28. 28. Let’s Judge a Class of Market SteersPhoto by Lautner Farms
  29. 29. Feedlot Market Steers Profile 1 2 4 3Presentation by Drew Obermeyer from K-State
  30. 30. Feedlot Market Steers Rear View 1 2 3 4Presentation by Drew Obermeyer from K-State
  31. 31. Write Your Placing Down
  32. 32. How Did You Place It?My Placing: 3-2-4-1 We’ll discuss how to calculate your score later. Just write it down right now.Cuts: 2-5-3Note: I differed opinion from K-State. K-State Placed it 2-3-4-1 with cuts of 3-4-5.This also illustrates that there is no one right answer – judges/officials will havedifferent preferences.
  33. 33. We’ll Talk More About Reasons Later• Overview – Divide class into 3 pairs – Describe why you placed the class the way you did – Read & learn the terminology in the Livestock judging Team Manual Livestock Judging Teammates from Texas A & M University – Example sets of reasons for your reference
  34. 34. Market Steer: Reasons Example # 1 • I placed this class of feedlot steers 2-3-4-1. The red steer wins as he best combines yield and quality grade. He shows the most natural shape down his top, over the loin and is thicker and more expressive through his quarter. Additionally, he is more structurally sound, being more neatly laid through the shoulder than 3. He should hang the carcass receiving a lower numerical yield than 3. 3 is longer sided. However he is fatter and straighter through his shoulder than 2, so he is second. • Nevertheless it is 3 over 4 in the middle pair. The black steer is the thicker topped, wider based steer of the pair that should produce the more muscular carcass. I realize the Hereford appearing steer is sounder made, however he is lighter muscled, being flatter through the quarter and narrower based when viewed from the rear, so he is third. • Yet in the bottom pair, its 4 over 1. 4 is more market ready as he shows more evidence of finish over his rib, around his tailhead and is fuller in the flank. Additionally he is higher volumed, have more depth and dimension to his rib. Yes, the yellow steer is leaner, but he is the furthest from his endpoint and should hang the least desirable carcass of the four, so he is last.By Drew Obermeyer from K-State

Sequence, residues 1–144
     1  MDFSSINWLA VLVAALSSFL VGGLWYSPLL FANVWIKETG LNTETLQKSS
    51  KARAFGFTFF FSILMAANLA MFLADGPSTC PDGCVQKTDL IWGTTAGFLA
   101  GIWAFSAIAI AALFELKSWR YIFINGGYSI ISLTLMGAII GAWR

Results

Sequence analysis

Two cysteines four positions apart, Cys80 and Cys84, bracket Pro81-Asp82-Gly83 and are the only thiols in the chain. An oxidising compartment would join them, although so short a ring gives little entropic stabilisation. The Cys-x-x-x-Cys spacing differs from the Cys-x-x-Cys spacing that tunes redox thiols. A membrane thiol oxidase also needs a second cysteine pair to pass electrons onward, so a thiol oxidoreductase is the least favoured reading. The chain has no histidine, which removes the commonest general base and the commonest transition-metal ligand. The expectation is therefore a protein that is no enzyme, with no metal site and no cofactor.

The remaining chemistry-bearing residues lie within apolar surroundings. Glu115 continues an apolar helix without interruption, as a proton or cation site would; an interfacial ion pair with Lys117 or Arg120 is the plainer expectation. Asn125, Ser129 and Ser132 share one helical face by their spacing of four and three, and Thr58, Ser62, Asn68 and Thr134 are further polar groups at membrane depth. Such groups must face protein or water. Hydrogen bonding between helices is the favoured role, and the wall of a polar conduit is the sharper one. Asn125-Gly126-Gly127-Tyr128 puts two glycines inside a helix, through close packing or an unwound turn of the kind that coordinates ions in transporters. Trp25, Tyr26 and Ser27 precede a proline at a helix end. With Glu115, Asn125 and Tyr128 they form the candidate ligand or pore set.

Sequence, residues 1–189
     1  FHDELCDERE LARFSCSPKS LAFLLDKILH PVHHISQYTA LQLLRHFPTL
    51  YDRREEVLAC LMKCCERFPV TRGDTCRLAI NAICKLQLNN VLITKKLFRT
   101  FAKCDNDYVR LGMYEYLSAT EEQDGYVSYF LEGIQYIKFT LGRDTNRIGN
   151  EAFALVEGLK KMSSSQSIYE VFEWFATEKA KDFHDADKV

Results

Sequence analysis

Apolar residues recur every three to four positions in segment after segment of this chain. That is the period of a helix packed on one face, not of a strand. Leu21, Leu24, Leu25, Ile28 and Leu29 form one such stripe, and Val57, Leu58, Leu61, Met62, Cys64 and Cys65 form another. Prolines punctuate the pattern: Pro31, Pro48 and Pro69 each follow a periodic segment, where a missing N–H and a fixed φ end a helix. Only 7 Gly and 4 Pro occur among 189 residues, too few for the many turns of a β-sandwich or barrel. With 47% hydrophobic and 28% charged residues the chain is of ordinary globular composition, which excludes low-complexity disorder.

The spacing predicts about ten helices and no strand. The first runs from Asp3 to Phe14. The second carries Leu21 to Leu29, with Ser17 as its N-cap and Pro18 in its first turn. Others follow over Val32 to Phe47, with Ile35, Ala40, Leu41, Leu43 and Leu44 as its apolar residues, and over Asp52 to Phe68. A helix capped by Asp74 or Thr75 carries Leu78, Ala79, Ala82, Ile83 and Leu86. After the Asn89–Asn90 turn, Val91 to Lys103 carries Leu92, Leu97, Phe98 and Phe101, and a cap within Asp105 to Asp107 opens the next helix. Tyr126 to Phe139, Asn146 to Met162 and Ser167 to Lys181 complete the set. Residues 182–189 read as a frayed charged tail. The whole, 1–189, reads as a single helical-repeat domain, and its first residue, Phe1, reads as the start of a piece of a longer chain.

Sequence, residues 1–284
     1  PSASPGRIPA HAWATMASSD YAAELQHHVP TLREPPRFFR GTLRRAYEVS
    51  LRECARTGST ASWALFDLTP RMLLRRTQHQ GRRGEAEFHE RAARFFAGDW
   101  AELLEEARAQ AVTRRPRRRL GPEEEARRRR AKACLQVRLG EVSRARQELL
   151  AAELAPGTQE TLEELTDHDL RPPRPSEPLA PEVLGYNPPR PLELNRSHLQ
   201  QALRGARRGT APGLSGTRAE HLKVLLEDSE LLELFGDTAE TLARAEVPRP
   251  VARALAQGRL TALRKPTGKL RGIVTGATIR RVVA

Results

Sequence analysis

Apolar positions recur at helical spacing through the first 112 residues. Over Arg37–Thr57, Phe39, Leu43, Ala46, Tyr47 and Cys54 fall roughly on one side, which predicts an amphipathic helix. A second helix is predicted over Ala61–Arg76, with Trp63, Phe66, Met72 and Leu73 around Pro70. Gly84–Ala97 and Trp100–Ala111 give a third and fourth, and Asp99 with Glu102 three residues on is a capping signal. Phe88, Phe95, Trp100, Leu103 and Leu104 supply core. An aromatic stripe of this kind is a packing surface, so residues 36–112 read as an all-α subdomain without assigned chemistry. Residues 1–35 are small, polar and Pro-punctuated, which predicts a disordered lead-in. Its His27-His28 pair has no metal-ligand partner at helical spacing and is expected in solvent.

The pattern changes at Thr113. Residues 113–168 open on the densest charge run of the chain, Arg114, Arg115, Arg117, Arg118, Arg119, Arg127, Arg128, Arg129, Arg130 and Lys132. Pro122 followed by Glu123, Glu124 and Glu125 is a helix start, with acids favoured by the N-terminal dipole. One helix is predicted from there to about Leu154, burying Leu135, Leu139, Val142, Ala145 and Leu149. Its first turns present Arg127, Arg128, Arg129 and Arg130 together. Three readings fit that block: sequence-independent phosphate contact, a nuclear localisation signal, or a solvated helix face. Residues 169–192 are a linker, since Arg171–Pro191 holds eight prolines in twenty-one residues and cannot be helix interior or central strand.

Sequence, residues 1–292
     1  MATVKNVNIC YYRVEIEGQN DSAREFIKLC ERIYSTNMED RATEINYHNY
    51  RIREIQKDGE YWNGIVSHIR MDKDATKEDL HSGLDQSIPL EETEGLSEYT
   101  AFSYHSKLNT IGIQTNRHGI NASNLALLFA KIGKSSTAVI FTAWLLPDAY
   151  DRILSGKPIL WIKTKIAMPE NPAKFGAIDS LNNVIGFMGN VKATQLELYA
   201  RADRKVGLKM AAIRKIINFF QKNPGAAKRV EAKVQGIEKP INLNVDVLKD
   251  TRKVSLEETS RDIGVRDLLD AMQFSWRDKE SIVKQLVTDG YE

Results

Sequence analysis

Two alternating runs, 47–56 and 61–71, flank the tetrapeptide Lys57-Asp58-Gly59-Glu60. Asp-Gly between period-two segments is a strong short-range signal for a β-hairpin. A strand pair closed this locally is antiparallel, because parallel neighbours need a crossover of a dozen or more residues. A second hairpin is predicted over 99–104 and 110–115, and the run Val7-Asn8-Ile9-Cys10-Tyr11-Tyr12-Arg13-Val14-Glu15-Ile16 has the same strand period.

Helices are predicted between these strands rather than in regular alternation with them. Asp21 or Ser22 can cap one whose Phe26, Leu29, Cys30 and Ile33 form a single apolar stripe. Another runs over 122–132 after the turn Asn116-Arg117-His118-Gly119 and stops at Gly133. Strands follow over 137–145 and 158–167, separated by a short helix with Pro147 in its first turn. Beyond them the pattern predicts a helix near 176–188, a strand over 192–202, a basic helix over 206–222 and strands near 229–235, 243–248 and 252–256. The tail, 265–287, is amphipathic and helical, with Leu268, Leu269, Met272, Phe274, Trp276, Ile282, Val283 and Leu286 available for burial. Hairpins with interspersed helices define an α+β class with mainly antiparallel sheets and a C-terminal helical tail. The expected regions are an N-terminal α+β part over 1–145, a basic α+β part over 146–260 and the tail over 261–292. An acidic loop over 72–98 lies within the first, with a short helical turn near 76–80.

35. 35. Market Steer Reasons Example # 2 • I place the market steers 2341. In the top pair I place 2 over 3. 2 is the heavies muscled, most expressively shaped steer that should rail the most shapely carcass. I grant that 3 is longer sided. But I faulted him and placed him 2nd, he is heavier conditioned and straight in his shoulder. • In my middle pair I placed 3 over 4. 3 is a wider based, thicker topped steer that should rail a heavier muscled carcass. I grant that 4 is sounder structured but he is also light muscled and narrow based. • In my bottom pair I placed 4 over 1. 4 is the bigger bodied steer that appears to have been easier feeding. Also I would expect him to be safer grading. I realize 1 is leaner made, but he is the lightest muscled and barest finished steer in class.By Drew Obermeyer from K-State
  36. 36. Market Steer Reasons Example # 3 • My preferred alignment of the Market steers is 2341. Starting the class with a pair of heavier muscled, more complete steers, and of the pair I preferred the added advantages in expression to align him over 3. 2 is a long patterned, trimmer conditioned steer that measures longer and wider out of his hip. I appreciate the softer, more market ready look of 3 yet he also gets plainer in his design and a little courser fronted. • However despite these criticisms, 3 is a heavier muscled more correctly finished steer that has more volume and expression of muscle out of his hip and due to his external indicators suggest that he should be safer to role the choice stamp. I realize that 4 is bolder ribbed, however the Hereford is also the heaviest finished, shortest coupled steer in the class. • In my concluding pair of lighter muscled steers I still preferred the body and depth of 4. He is deeper bodied, bolder sprung steer that has a softer look and is closer to a marketable endpoint, I understand that they yellow steer is longer bodied cleaner designed, yet he is the flattest, narrowest made, lightest muscled steer in the class.By Drew Obermeyer from K-State
  37. 37. Judging Pigs
  38. 38. Learn Your Anatomy
  39. 39. Learn Your Wholesale Cuts of Pork